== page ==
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This eBook from the Gutenberg Project consists of approximately 149 pages of information about Patty in Paris.

“No,” said Mrs. Farrington; “this is his last year in college, so of course he can’t leave.  The other children are in school, too, so it seemed just the right year for us to take Elise abroad for a little outing.  A winter in Paris will do both of you girls good in lots of ways, and if for any reason we don’t enjoy it, we can go somewhere else, or we can turn around and come home, and no harm done.”  Although the trip seemed such a great event to Patty, Mrs. Farrington appeared to look upon it merely as a little outing, and seemed so thoroughly glad to have Patty go with them that she almost made Patty feel as if she were conferring the favour.

Elise and Patty went away by themselves to talk it all over, while Nan stayed with Mrs. Farrington to discuss the more practical details.

“I didn’t care a bit about going,” said Elise, “until we thought about your going too, and now I’m crazy to go.  Oh, Patty, won’t we have the most gorgeous time!”

“Yes, indeed,” said Patty; “I can hardly realise it yet.  I’m perfectly bewildered.  Shall we go to school, Elise?”

“I don’t think so, and yet we may.  Mother’s going to take a house, you know, and then we’ll either have masters every day, or go to some school.  Mother knows all about Paris.  She has lived there a lot.  But we sha’n’t have to study all the time, I know that much.  We’ll go sight-seeing a good deal, and of course we’ll go motoring.”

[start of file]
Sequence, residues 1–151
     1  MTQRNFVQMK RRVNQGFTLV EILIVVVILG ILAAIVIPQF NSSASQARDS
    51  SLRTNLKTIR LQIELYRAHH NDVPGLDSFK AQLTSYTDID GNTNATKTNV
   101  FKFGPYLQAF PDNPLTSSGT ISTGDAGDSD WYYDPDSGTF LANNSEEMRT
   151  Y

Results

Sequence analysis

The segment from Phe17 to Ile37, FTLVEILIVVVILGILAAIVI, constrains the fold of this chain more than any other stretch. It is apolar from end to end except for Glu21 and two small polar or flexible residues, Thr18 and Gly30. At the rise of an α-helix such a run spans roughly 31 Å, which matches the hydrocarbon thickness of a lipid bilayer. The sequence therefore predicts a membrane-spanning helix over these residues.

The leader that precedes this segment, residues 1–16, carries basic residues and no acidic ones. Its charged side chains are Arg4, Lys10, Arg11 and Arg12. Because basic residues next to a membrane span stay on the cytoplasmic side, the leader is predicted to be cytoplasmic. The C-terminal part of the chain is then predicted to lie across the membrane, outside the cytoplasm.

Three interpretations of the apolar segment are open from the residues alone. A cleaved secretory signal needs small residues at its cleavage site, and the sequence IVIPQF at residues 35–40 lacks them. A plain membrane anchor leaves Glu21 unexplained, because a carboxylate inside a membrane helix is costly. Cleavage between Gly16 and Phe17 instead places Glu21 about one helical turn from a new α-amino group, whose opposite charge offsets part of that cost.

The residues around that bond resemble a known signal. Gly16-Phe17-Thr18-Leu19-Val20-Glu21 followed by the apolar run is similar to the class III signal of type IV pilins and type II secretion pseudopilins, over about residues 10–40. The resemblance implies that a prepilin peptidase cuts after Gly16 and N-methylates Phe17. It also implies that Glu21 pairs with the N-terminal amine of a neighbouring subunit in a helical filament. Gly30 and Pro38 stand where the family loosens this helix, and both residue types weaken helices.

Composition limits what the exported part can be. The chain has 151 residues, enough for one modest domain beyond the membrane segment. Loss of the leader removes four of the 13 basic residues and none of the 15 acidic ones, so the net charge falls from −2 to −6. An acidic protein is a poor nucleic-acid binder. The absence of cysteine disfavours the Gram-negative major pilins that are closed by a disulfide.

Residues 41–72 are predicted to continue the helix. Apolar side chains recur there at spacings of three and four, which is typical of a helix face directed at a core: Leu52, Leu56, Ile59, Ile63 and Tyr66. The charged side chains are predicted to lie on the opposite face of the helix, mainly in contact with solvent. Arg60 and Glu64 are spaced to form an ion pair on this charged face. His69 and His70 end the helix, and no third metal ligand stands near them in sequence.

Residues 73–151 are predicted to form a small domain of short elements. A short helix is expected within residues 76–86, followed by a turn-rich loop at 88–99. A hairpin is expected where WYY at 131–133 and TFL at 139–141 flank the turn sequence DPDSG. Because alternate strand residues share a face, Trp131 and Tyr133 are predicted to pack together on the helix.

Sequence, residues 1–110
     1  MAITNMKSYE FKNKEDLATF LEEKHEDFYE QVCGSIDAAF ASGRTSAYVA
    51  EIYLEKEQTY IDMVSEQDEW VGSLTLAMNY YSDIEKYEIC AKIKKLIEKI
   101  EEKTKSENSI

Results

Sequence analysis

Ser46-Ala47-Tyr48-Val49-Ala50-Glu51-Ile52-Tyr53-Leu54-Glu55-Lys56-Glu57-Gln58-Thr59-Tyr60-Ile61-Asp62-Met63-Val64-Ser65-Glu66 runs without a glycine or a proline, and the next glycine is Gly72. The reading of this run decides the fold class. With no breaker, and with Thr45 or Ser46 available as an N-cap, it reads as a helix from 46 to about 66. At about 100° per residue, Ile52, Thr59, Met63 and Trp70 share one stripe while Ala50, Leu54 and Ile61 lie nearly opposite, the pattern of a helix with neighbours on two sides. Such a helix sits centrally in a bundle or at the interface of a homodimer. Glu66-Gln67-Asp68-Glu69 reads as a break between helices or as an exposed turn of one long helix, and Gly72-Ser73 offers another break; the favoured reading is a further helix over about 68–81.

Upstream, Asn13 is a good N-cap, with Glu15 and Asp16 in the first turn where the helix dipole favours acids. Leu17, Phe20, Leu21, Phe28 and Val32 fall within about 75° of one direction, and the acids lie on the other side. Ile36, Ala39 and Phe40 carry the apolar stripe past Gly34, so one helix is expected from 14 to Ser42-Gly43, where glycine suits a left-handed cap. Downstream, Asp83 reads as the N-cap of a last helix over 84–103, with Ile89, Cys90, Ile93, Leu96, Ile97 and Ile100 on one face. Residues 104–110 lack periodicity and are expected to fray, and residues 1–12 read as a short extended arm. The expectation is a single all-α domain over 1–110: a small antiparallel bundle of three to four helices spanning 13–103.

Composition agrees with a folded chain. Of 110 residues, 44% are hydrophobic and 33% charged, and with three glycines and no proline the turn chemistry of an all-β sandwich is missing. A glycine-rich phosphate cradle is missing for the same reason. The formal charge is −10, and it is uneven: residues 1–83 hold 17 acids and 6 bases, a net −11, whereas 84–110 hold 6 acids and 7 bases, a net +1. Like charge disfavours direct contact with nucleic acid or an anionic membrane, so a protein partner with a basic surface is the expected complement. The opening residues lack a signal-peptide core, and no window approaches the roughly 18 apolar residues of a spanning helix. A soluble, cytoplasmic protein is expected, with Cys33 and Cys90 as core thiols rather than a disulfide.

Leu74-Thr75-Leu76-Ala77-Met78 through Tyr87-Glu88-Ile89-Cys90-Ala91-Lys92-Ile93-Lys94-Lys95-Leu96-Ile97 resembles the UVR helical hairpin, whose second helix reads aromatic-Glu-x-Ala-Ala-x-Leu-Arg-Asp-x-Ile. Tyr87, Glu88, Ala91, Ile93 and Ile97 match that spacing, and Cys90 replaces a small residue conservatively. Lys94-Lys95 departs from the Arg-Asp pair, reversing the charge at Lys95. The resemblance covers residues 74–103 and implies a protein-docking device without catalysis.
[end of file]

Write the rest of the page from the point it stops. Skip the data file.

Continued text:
“I shall enjoy the ocean trip,” said Patty; “I’ve never been across, you know.  You’ve been a number of times, haven’t you?”

“Yes, but not very lately.  We used to go often when Roger and I were little, but I haven’t been over for six years, and then we weren’t in Paris.”

“I’m sure I shall love Paris.  Do you remember it well?”

“No; when I was there last I was too little to appreciate it, so we’ll explore it together, you and I. I wish Roger were going with us; it’s nice to have a boy along to escort us about.”

“Yes, it is,” said Patty frankly; “and Roger is so kind and good-natured.  When do we sail, Elise?”

“Two weeks from Saturday, I think.  Father is going to see about the tickets to-day.  He waited to see your father yesterday, and make sure that you could go.  The whole thing has been planned rather suddenly, but that’s the way father always does things.”

“And it’s so fortunate,” went on Patty, “that I hadn’t started away to college or boarding-school.  Although if I had, and you had invited me, I should have managed some way to get expelled from college, so I could go with you.  How long do you suppose we shall stay, Elise?”

“I don’t know, I’m sure.  You never can tell what the Farringtons are going to do; they’re here to-day and gone to-morrow.  We’ll stay all winter, of course, and then in the spring, mother might take a notion to go to London, or she might decide to come flying home.  As for father, he’ll probably bob back and forth.  He doesn’t think any more of crossing the ocean than of crossing the street.  Have you much to do to get ready to go?”

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